Saturday, June 30, 2012

Classic Traveller and MegaTraveller

The second edition of the Traveller game, MegaTraveller, has the honor of being the first RPG game I bought for myself. Previously I had dabbled with someone else's copy of the LBB edition and played classic D&D before, but MT was the first game I chose to acquire and follow. (Just for the record, the first boardgames I bought for myself were CarWars and OGRE.)

Traveller (in all it's iterations) was unique because character creation is part of the gameplay; from determining homeworld to the years spent in character's career all feeds into the character you end up playing. Traveller also was a first in that in some versions a character could fail to survive character generation! Also Traveller is a fairly "hard" science-fiction setting. Playing characters who were older and professionally trained and experienced was a new compared to other games I had played.

MegaTraveller completed the basic concepts presented in the initial version (the 'Little Black Box' as it is known) with a uniform Task system, detailed vehicle and ship construction rules and thorough star system and trade rules. MegaTraveller was so complete, you could almost play it solo. The world creation and trade systems didn't require any real character interaction, so one could spend hours rolling for what trade items your merchant could acquire and dice out the haggling over price. Some of the first programming and spreadsheets I created for my own use were for automating and supporting MegaTraveller gaming.

On the downside, MegaTraveller is a very simulationist kind of game. Starship combat, for example, was quite complex (I didn't quite grok it until I read an article in Challenge magazine that explained it). Vehicle construction required a spreadsheet to keep track of details. (The next edition, Traveller: The New Era, was an order-of-magnitude more complicated!)

Also, MegaTraveller doesn't have much in the way of character advancement systems. On the one hand, this made sense: It took your character forty years in the Navy to learn how to navigate as good as he can. What makes you think only a few game-months are going to make him any better? Character advancement is measured more in the story successes your character(s) achieved. Unfortunately, aside from purely financial gains, there is no mechanical way to measure such successes.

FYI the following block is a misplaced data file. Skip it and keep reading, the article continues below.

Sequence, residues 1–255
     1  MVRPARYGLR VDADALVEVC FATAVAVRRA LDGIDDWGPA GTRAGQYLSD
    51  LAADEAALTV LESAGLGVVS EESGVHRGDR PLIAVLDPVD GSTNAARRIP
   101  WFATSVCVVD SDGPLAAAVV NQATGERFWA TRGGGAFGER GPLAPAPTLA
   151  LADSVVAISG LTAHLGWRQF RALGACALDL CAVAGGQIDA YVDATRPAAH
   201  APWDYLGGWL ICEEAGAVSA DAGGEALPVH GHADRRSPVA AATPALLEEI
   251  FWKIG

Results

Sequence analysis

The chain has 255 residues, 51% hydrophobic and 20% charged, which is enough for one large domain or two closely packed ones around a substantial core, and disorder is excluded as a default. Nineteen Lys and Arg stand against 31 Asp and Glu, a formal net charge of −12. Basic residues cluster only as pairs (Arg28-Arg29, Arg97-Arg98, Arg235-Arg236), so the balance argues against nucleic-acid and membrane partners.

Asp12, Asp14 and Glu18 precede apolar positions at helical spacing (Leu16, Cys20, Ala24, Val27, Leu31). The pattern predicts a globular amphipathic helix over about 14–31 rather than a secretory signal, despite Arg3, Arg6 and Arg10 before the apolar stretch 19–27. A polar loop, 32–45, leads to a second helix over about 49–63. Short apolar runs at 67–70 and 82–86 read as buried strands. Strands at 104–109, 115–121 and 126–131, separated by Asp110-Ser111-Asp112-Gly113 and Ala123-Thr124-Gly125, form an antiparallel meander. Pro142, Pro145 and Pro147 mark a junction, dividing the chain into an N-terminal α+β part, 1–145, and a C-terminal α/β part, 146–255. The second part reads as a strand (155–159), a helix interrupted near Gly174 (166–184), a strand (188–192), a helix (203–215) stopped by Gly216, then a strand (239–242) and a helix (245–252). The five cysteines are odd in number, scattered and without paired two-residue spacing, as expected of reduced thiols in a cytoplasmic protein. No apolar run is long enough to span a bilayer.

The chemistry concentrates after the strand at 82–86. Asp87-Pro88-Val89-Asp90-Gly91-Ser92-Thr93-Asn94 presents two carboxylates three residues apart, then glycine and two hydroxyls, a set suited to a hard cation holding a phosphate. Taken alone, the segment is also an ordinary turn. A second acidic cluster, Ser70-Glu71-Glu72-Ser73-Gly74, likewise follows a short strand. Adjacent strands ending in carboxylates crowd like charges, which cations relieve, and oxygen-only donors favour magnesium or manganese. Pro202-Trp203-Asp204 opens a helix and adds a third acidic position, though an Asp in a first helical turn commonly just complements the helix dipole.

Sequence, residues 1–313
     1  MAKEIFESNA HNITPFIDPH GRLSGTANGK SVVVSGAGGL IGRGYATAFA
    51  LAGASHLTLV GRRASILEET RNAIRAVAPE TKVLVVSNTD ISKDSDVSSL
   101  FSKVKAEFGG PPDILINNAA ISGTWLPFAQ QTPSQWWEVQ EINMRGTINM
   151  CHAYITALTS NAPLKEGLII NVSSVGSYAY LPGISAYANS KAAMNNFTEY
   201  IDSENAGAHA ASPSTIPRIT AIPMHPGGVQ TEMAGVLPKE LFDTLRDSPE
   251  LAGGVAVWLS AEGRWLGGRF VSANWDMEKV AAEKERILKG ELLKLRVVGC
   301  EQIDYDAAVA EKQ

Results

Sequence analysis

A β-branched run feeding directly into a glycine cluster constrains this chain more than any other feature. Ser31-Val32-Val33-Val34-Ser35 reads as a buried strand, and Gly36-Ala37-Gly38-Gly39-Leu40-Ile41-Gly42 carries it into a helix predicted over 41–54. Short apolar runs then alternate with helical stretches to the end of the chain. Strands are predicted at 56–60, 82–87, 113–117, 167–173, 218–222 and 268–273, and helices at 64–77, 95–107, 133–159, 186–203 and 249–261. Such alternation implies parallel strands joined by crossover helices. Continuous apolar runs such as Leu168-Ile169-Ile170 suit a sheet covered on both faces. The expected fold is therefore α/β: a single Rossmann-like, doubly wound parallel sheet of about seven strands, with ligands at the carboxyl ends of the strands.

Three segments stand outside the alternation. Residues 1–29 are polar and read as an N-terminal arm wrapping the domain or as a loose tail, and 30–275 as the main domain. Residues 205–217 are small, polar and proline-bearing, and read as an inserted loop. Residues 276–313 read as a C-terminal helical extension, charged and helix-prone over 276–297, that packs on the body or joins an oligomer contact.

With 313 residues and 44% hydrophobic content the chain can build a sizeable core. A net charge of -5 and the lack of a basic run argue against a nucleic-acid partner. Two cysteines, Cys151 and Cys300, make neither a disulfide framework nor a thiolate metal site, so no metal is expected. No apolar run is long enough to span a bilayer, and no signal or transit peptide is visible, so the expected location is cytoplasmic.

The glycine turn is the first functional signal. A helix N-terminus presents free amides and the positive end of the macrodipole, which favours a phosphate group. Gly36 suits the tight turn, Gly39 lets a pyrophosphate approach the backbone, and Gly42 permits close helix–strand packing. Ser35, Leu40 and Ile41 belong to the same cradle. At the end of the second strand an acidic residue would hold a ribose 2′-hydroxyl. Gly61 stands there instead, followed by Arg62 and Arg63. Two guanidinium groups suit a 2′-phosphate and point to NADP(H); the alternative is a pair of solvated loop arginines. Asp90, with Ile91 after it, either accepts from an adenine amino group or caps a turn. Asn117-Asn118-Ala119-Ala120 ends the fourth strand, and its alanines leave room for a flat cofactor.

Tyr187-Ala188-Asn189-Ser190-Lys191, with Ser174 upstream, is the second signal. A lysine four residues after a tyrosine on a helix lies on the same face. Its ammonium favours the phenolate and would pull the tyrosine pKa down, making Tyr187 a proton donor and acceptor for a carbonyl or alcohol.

Traveller also benefits from a very creative and active fan community. Massive amounts of history, backstory and additional materials have been written for it in all it's iterations. The Third Imperium (the default setting area for Traveller) had over eleven thousand star systems, and that's just the core setting!

So what can we learn from MegaTraveller?

  • Character creation that gives your character backstory is a good thing.
  • A unified, but very flexible Tasking system means you can handle just about any challenge.
  • Well developed 'sub-games' give the DM and players a lot of easy tools to use.
  • Character Advancement needs to be measurable, however. Even social and political gains need some way to quantify.
  • Broad settings allow for players to create a lot of details. and even have considerable impact, without changing the setting as a whole.

Thursday, June 28, 2012

You all meet in a Tavern...

As an introductory post for The Eclectic Roleplayer, this one's going to start a bit mild.

The impetus for starting this blog was the overwhelming urge to make a public place for sharing my experiences with roleplaying games, gaming and their design and evolution. I love roleplaying. I enjoy games. I indulge in game theory. This blog is mostly going to be about the latter.

My goals with this blog are thus:
  • Review games settings and systems.
  • Discuss principles, concepts and methodologies of roleplaying.
  • Hammer out ideas for new game systems, models and settings for my own use.

My focus is going to be mostly roleplaying games, storytelling games and worldbuilding. I may also dabble in boardgames and miniature gaming here. While I adore painting assembling miniatures, I can't play Warhammer 40K to save a squig's life.

I welcome constructive comments, but be it known I am the owner and wielder of the BanHammer(tm) here. I respect everyone's right to free speech but your comments on my blog reflect upon me and I take that seriously. I reserve the editorial privilege to edit comments before they go live. Spammers and harassers will be banned or shunned with stunning alacrity.
Got a problem with that? Start your own blog.

I've also created a Twitter account: EclecRoleplayer.
I'm not much for Twitter, but we'll see what comes of it.

Okay. Enough for now. Time to roll for initiative...